Compton Abbas airfieldStunning views over the Dorset countryside, towards golden topped Shaftesbury. The sun beamed down, warm on my skin. It was good to be alive. Started chatted to a couple – a pilot and an older woman biker – but it was soon time to go. These guys don’t stop! I bid adieu, deciding to head back the more direct route home. It was a relief to ride at my own pace again – but I was certainly going faster and feeling more confident. Some of those advanced biking skills have hopefully rubbed off on me! It was a lovely ride home in the late sun and I truly felt I had blown away the cobwebs of the week. After lots of mental work it was good to do something so ‘in the body’ and ‘in the moment’. The wheel turned – and the brighter days have returned!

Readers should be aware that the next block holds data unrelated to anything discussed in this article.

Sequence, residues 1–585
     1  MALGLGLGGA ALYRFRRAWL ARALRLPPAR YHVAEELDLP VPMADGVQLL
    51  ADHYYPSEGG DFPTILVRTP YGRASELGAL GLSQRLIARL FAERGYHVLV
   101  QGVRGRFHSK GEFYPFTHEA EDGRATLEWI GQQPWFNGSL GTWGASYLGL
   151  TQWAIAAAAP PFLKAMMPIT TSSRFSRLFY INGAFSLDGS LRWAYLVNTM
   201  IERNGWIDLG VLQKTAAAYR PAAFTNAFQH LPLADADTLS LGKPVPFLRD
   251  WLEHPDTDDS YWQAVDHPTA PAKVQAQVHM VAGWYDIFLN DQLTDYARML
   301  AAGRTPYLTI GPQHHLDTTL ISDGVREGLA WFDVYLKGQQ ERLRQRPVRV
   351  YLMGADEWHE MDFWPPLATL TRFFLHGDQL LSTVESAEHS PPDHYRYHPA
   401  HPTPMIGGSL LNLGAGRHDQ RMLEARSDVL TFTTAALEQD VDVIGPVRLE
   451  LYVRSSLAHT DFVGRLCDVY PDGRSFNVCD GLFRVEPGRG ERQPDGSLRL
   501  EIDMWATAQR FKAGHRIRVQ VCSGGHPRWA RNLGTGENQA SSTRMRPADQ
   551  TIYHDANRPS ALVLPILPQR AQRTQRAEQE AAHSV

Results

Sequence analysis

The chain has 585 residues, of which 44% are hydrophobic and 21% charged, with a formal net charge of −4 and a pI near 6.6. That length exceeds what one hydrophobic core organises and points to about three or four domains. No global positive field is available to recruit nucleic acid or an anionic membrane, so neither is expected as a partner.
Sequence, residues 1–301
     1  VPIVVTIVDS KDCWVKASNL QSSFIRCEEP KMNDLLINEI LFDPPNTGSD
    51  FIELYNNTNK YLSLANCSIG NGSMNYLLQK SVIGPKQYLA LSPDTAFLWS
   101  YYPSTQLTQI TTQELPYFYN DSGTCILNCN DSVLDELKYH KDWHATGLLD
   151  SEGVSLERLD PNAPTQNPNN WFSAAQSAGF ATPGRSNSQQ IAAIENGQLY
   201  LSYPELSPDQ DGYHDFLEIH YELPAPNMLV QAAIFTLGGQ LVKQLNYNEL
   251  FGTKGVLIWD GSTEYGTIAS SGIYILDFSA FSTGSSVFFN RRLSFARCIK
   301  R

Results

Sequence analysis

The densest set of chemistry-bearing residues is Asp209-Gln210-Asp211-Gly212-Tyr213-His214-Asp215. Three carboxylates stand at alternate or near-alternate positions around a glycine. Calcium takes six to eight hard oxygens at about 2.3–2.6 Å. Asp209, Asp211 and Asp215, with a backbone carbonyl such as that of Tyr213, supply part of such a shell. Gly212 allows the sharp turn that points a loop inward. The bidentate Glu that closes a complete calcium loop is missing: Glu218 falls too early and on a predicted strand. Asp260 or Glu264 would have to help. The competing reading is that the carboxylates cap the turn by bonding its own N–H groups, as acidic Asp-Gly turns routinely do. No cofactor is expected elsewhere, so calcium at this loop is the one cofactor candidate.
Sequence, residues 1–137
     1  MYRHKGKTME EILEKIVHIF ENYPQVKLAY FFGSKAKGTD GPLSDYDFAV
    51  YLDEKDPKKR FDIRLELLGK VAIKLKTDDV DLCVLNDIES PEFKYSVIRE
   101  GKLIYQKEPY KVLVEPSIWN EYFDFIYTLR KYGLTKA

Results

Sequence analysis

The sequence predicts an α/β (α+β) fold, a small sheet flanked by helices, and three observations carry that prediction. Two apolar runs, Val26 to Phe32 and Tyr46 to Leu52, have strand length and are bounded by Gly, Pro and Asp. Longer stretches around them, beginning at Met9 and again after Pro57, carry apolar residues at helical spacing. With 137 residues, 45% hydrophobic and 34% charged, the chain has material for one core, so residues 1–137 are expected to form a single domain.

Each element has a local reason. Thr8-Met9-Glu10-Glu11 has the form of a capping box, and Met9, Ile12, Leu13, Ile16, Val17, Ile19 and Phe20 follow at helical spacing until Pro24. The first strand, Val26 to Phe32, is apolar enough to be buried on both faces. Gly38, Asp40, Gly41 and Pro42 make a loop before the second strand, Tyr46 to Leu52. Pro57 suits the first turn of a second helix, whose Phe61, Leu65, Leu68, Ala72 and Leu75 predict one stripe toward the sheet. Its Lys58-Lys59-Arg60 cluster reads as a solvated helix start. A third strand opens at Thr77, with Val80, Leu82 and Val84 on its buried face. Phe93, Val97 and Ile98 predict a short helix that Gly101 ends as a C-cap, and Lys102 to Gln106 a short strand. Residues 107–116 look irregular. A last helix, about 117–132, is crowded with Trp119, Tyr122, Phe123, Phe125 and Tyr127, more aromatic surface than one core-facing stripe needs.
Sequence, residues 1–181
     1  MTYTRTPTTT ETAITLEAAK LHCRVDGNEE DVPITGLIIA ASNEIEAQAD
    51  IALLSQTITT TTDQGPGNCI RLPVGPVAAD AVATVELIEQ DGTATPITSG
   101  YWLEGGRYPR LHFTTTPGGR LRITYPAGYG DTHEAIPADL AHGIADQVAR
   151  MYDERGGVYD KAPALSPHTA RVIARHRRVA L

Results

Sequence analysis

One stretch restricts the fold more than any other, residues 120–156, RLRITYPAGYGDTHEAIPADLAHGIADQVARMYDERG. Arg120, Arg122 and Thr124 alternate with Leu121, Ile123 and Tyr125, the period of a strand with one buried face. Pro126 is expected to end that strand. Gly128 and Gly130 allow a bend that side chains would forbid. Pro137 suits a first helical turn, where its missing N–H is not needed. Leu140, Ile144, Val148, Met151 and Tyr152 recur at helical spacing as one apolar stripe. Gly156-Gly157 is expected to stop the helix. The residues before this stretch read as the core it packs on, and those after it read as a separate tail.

big boys toys